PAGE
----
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My Baby Sleeps Through the Night, But Now I Can't

Photograph by Getty Images

Dear Heather,

My baby is finally sleeping better, so why do I still feel terrible and exhausted all the time?

Sleeping but Sleepy

RELATED: My Toddler Stays Up Until 3 in the Morning

Dear Sleeping,

It takes time for your body to recover from the sleep deprivation of new parenthood. When you have a baby, you lose control over your sleep and go from getting 7 to 8 hours straight to sometimes no more than 1 or 2 hours at a time. Even though it's natural, it's still a shock to the system. We hear a lot of parents tell us that they don't feel good, even after their baby starts sleeping better. There can be many reasons for this:

  • You have a lot of "sleep debt" to pay back from missed hours of sleep.
  • Your internal clock, or your 24-hour cycles, are slightly askew because you've been intermittently awake at night and maybe even asleep during the day.
  • Even though your baby is sleeping more, you still wake up at night in anticipation, or your sleep is lighter during the night.

It's really important to take care of yourself. Eat well, try to go to bed at the same time every night and wake up at the same time in the morning, get outside in the morning sunlight and exercise—even if it means joining a baby-friendly exercise group. Go on long walks with the stroller or take advantage of the drop-off center at your gym. If you still don't feel like yourself after taking these types of measures, tell your OB or your general doctor.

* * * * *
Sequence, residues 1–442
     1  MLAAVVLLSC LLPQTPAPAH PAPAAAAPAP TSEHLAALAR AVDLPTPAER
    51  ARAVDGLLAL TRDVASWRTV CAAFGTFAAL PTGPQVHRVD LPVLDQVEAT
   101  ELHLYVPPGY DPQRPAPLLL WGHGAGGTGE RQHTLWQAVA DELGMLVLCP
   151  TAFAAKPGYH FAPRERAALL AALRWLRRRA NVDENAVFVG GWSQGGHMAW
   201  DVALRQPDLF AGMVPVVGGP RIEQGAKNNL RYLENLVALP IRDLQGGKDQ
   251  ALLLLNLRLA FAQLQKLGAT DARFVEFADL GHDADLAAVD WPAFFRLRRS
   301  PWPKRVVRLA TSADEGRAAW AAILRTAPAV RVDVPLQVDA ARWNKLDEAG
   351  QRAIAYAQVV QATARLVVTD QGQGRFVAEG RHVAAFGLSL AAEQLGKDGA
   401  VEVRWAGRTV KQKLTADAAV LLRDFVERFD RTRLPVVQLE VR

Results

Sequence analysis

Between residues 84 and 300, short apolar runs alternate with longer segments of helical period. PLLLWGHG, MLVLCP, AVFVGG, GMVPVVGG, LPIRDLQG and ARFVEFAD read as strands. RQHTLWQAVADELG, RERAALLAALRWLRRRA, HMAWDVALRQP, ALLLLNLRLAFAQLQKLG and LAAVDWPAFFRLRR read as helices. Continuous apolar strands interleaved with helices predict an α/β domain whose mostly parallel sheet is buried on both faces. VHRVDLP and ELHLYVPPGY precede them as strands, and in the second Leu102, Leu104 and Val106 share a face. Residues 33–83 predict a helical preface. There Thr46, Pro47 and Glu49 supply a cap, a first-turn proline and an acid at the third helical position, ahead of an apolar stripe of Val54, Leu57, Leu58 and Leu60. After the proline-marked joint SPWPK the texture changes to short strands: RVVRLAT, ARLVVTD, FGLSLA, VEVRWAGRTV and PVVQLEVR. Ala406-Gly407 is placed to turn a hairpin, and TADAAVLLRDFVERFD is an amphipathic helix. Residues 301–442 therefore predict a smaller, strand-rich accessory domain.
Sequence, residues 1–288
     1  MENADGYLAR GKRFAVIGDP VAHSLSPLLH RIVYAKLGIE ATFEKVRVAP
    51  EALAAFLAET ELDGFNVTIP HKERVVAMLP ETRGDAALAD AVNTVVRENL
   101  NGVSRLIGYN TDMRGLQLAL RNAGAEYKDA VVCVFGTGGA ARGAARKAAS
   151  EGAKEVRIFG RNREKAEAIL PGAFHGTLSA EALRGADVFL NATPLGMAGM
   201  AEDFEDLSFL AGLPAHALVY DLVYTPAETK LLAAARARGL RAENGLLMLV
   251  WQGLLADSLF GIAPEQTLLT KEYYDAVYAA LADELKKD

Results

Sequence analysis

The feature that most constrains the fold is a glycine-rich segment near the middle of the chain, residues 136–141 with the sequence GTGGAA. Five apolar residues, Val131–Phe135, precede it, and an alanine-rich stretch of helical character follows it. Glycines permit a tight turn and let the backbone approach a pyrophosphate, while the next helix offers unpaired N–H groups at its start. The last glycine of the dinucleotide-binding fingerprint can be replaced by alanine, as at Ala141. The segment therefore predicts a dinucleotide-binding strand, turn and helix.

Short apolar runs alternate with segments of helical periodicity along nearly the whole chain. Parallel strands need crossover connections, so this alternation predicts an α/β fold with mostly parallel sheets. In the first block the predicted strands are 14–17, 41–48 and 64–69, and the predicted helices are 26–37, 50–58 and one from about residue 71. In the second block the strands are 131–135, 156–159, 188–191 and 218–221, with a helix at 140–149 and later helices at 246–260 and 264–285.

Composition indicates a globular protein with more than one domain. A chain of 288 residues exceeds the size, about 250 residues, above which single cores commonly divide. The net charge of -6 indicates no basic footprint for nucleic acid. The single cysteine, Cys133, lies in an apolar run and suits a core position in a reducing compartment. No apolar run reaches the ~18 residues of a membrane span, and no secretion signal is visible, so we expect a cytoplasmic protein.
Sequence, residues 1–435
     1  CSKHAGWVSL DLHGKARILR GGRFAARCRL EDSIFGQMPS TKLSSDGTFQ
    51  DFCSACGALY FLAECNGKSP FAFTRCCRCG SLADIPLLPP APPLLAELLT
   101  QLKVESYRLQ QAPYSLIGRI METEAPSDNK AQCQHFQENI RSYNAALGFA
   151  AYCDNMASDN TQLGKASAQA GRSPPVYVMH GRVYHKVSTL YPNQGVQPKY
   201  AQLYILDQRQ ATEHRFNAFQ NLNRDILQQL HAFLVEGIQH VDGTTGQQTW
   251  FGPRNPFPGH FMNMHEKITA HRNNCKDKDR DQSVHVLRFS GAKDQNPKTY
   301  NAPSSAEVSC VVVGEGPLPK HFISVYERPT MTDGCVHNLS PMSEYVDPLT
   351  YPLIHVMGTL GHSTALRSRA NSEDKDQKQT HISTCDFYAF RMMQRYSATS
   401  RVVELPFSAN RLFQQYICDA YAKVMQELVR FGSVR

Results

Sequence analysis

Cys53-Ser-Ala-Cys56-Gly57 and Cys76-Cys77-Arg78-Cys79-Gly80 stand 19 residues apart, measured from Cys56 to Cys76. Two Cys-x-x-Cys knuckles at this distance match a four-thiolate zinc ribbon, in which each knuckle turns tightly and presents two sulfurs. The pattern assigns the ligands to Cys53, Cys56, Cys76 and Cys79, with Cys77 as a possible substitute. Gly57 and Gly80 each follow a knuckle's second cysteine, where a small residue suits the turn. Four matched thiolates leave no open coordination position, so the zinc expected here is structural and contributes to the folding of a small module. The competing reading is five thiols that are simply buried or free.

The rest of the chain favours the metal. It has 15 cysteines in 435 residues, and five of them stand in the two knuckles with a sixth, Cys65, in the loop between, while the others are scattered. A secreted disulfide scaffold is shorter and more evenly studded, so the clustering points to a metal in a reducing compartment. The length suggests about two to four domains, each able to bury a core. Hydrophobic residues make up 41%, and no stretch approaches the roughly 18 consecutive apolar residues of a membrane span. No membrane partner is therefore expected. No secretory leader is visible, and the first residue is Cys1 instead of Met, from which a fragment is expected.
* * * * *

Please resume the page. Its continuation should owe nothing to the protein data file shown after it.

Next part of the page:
RELATED: Is White Noise Really That Great For Baby Sleep?

Babies are noisy at night, so if yours is waking you up to feed or just with normal baby sounds, you might switch off being "on duty" with your partner if you can. Maybe one of you sleeps in a guest room or pops in some earplugs. Even a solid 4 hours of sleep can do wonders for a parent who has been waking up around the clock.

In our book, "The Happy Sleeper," we describe healing from sleep deprivation like peeling back layers of tiredness. For some people, it just takes longer to get to the core. But you will get there. You don't have to settle for less than feeling good and rested—that's important for you and your baby too.

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Do you have a sleep question you want Heather to answer for Sleep Fix? Email her at heatherturgeonmft@gmail.com. Sleep expert Heather Turgeon, co-author of "The Happy Sleeper: The Science-Backed Guide to Helping Your Baby Get a Good Night's Sleep—Newborn to School Age," will fix your family's sleep problems in this space as she does in her Los Angeles-based sleep consultations. Turgeon's solutions are nonjudgmental, kind and—best of all—based on science.

No situation is too challenging. Leave your sleep problem in the comments. Let's all get a good night's sleep, finally.

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